Spunt: Check is an instant signifier that we are sound checking, and everyone can relate to the idea that we are sound checking
Roettinger: The continuous use of it too…
Spunt: But that’s why I like it because it was… I mean, that’s what we do is sound check. Until we check the song…but the funny part is that the song is the sound check song.
Roettinger: The sound checking is the song.
Spunt: The performance is the sound checking, and the song is actually the sound checking song. So I mean it’s, you know, you find it very funny as a lot of people did.
Houfek: When he explained it everyone was like laughing
Spunt: Everyone that I explain it to was like, “Oh my gosh!” It’s funny, as a musician or someone who makes music…
Roettinger: It also questions the idea of what is performance and when do you know a performance starts or ends? It relates a lot to me. When you say noise music? What’s the difference between noise music and this? If my dad heard this he’d probably be like “turn that noise off!” It’s not noise; it just there’s melody, rythym and tempo. You could say in many ways there was, like, potentially some of that happening there, it just wasn’t so structured.
Spunt: This seems more populist but it, I think like you said there is a generational difference someone is gonna say, “What is this?” I think it is more of a… I brought up Michael Asher who is an artist. It’s sort of this vaguely connected to institutional critique or something where you’re bringing up these ideas or these structures inside of our world of performance or music and showing them off rather than hiding them. And it’s just sort of like, how… why isn’t the sound check the performance? I do it every night. I mean I do the sound check sometimes longer than the performance.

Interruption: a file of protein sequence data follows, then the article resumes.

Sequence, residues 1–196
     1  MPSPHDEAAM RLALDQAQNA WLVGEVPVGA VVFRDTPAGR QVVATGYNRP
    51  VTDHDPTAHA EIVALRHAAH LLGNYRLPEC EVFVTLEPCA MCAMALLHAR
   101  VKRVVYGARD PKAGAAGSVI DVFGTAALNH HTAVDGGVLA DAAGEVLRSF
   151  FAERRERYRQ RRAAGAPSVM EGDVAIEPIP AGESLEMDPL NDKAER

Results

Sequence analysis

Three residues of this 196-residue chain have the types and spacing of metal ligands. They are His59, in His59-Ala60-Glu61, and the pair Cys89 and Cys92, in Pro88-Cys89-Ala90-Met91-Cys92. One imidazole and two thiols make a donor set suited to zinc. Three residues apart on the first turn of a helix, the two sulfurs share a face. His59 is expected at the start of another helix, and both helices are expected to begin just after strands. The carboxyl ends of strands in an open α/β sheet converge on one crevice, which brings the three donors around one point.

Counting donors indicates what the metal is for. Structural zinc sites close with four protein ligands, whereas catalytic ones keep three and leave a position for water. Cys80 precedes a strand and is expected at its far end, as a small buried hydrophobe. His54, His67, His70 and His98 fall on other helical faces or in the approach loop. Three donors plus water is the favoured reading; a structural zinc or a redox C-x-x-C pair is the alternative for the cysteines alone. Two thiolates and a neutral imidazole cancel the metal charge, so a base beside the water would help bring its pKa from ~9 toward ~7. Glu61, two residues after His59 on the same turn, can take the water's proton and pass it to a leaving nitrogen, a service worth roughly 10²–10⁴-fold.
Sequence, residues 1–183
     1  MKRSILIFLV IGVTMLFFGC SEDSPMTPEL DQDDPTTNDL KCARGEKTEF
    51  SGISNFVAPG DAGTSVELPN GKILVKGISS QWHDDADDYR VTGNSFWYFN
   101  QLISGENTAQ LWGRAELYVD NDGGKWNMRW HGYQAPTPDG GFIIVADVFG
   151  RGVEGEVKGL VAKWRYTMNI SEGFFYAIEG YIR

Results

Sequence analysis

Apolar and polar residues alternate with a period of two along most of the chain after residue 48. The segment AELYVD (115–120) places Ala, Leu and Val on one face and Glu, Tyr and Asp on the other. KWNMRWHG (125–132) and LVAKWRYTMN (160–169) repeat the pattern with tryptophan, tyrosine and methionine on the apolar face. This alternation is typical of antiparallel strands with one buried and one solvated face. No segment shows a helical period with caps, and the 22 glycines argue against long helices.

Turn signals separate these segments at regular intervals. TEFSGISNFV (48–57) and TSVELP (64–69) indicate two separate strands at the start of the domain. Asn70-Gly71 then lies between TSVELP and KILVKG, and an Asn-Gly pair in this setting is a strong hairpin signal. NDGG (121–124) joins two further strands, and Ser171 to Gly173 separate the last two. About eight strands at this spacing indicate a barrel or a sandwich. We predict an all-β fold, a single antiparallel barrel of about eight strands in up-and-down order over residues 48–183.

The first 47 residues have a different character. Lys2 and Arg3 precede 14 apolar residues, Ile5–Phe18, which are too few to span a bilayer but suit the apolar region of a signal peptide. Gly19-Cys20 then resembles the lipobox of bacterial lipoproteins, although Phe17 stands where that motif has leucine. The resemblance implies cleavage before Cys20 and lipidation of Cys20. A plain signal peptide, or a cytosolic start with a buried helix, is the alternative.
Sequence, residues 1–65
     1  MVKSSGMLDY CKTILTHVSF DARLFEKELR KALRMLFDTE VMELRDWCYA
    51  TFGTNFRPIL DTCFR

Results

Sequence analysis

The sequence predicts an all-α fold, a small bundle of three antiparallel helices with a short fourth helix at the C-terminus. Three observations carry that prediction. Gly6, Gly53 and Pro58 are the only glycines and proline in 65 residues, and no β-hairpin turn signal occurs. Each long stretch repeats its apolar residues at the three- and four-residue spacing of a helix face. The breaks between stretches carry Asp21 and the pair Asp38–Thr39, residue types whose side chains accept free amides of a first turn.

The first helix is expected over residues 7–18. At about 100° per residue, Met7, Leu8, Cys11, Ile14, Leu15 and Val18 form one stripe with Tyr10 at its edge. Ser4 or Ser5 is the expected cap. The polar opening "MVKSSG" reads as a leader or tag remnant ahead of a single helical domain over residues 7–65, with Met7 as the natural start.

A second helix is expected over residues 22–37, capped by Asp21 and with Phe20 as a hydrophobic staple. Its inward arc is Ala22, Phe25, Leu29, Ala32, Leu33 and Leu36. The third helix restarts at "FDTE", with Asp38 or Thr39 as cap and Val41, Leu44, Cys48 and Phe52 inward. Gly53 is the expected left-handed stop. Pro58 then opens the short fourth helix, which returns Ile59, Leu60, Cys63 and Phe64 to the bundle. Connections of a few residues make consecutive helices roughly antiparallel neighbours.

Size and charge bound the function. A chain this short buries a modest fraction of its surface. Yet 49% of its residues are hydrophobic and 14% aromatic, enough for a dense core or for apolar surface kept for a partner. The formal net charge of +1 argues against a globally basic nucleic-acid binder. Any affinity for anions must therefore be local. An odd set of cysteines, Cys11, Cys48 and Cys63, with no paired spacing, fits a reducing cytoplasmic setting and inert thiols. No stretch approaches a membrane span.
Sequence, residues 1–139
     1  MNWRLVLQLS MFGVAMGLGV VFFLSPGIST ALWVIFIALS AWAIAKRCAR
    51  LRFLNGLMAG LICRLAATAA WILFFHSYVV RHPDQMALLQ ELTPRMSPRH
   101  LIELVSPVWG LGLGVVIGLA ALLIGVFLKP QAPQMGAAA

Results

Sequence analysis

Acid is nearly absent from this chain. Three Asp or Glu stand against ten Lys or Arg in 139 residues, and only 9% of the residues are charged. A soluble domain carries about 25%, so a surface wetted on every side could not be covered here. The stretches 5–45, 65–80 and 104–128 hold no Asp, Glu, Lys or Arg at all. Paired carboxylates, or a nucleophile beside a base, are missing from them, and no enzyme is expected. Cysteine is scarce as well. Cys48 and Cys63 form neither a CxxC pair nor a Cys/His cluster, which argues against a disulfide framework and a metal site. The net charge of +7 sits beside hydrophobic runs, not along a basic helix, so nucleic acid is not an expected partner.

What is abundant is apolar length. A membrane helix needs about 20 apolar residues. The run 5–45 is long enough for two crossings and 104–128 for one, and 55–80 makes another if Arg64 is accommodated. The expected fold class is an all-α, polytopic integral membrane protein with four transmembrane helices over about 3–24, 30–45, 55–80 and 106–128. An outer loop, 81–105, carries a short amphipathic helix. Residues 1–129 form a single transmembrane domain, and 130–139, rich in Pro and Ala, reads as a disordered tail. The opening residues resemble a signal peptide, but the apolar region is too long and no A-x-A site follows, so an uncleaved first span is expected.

Sanchez: It’s like self-reflexive. Would you guys agree that it is a self-reflexive performance?
Houfek: Also, like, I don’t know if people felt uncomfortable, but I know sometimes that’s what makes things funny, and that, like, you know… I think there is a discomfort in it. It’s like awkward.
Spunt: Having the papers was a last minute decision. I mean if we didn’t have those nobody would have known what was going on.
Houfek: I think you guys stood up at one point. Maybe you thought the song was gonna start?
Spunt: You read the paper but I think the paper at least made it so we could all… I think when I got here it needed something to be more inclusive. In my mind, the environment was slightly different… I think we need to lighten the mood a little bit.
Sanchez: It was a good idea.
Spunt: An explanation, it was really an explanation, but at least you had some sort of context, so, like, this is a performance about sound, a soundcheck performance rather than just like… I mean if we didn’t say anything or have any paper there would have been a lot more meandering, less laughing.
Sanchez: Maybe negative reactions too?
Spunt: Which is fine too but I mean, you know… maybe I don’t know. I think people would have been more dumbfounded or confused.
Sanchez: Los Angeles has a lot of cool noise and punk music. Do you think there is something about LA that let’s this type of art exist?
Spunt: Nowadays that can exist in most places but I think historically Los Angeles, because there is no center, it’s spread-out… It’s not a European style city, where there is a city center and things are built around it.